no Catholic ought to live out half his days;" Kenilworth and its ruins, around which the genius of Scott has thrown such charms; Warwick Castle, which is the most perfect specimen of a feudal fortress in the kingdom. Several times we crossed the quiet Avon, which flows through green meadows and verdure-crowned hills. Those waters are more sacred to us than the classic fountains of Greece; and it was very painful to pass so near Stratford, without seeing the grave of Shakspeare.

“We are very proud of the Great Poet,” said Lord

“I have sometimes wished that Amerieans could boast of such a man.” “ Well, really, sir," I replied, “I think Americans have as much to

STRATFORD-UPON-AVON.

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do with Shakspeare as any men in the world ; we certainly read him as much as you do; and you must remember that Shakspeare wrote and died before our forefathers left this country. He played and wrote for our common ancestors, and together they worshipped his genius; and since the year 1620 they have read and worshipped him alike, only in different countries. Besides, if you will pardon me, my lord, I think an Irishman need not be very much troubled because Americans have no Shakspeare : pray tell me if the Saxon blood of Shakspeare flows very extensively through the veins of Erin ?

“ That is one of your ingenious ‘Yankee notions, I will venture to say. But, upon my soul, sir, I must confess I never thought of the matter in just that light before. You are right; he is just as much your Shakspeare as England's, and considerably more than Ireland's.”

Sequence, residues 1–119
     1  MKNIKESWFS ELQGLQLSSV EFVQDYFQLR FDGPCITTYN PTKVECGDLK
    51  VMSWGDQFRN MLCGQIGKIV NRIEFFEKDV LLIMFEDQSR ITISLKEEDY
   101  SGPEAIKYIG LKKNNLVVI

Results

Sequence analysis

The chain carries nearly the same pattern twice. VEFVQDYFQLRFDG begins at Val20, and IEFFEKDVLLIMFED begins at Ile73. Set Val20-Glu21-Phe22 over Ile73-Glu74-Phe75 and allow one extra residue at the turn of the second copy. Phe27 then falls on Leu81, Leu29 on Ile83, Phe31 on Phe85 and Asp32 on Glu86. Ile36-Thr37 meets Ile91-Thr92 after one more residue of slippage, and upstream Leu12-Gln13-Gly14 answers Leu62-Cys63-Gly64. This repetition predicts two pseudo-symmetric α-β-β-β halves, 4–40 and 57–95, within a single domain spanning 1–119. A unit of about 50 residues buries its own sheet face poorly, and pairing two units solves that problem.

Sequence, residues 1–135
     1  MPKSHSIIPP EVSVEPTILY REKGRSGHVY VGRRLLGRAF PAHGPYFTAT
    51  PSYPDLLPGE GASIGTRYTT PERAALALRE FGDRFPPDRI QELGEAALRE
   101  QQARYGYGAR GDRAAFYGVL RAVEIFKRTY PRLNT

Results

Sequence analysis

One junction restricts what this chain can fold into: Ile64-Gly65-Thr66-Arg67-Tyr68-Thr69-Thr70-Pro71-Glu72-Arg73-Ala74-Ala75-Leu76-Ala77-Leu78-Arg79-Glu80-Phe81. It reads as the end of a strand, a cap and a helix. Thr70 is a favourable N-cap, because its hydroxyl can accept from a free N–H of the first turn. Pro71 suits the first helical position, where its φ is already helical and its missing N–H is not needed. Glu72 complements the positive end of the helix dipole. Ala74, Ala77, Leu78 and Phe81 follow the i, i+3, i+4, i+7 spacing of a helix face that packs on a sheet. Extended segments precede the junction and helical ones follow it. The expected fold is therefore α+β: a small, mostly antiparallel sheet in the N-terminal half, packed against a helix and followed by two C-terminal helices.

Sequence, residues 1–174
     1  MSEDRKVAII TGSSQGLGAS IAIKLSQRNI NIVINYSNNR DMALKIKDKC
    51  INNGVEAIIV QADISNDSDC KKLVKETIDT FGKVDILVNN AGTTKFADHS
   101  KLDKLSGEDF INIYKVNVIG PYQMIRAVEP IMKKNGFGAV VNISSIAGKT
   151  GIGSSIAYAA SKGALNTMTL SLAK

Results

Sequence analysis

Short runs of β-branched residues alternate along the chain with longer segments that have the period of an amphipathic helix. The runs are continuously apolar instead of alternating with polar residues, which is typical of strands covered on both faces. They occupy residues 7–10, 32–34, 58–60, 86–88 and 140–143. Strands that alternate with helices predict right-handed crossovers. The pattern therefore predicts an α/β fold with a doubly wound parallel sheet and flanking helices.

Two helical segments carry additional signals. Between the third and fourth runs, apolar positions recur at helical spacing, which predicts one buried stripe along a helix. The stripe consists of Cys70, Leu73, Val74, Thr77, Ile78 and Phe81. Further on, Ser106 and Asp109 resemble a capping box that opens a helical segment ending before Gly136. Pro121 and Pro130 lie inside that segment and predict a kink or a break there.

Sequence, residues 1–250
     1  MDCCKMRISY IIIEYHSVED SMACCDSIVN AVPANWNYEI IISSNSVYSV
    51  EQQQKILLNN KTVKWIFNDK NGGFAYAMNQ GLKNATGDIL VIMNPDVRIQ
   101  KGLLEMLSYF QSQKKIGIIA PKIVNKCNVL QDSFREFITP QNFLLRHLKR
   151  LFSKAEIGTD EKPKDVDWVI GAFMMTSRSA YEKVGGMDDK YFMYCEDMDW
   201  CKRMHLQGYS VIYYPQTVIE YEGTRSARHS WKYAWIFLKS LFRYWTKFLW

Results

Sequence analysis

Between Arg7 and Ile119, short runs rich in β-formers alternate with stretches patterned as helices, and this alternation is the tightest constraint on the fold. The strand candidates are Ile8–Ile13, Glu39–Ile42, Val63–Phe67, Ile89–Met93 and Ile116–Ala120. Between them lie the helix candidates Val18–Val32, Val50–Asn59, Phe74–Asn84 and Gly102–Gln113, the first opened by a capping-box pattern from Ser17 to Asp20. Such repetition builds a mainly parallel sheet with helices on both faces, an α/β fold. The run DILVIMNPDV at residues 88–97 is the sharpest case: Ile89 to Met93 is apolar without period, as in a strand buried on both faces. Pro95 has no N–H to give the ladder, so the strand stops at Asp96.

On our right, a few miles from the line, and about 55 from London, stands the Olney church, where the good John Newton preached; and a mile from it is still pointed out the quiet retreat of Cowper, and his affectionate friend, Mrs. Unwin; with the garden and the favourite seat of the poet in a rude bower. Poor Cowper! Thou art in a "brighter bower" now, where the dark clouds of gloom shall never gather around thy spirit again.

Ten miles from London we passed Harrow-on-theHill. Who bas not heard of the Harrow School ? The church is a spacious structure, with a tower and

lofty spire, and stands on one of the highest hills in Middlesex. This church is associated with what some men call a witty saying of Charles II., who closed a theological controversy by asserting that the church of Harrow-on-the-Hill must be the “Visible Church ;" for it could be seen from the whole surrounding country.

Before we reached the end of our journey we passed under the grand tunnel, nearly a mile in length, which brought us to the environs of the metropolis. Here I parted from my noble fellowtraveller, asking his permission to make our conversation public, if I should desire, suppressing all the names of parties concerned, where it was necessary. This permission was cheerfully given.

But I must bring this long letter to a close. I shall now write to you often, and describe men and things as I see them. I do not flatter myself that I shall be so fortunate as to avoid all those mistakes and errors of judgment into which travellers so commonly fall. But I shall be careful in stating my facts, and try to communicate to you faithfully the impressions which are made upon my own mind. It is my purpose to examine things for myself. I shall not forget the advice of an old English author to his son when he was going abroad : “Young man, when thou goest abroad, keep all thine ears and thine eyes open, and thy tongue between thy teeth” (this will be the most difficult part of the advice to follow); * adopt no conclusion hastily ; for travellers and cia'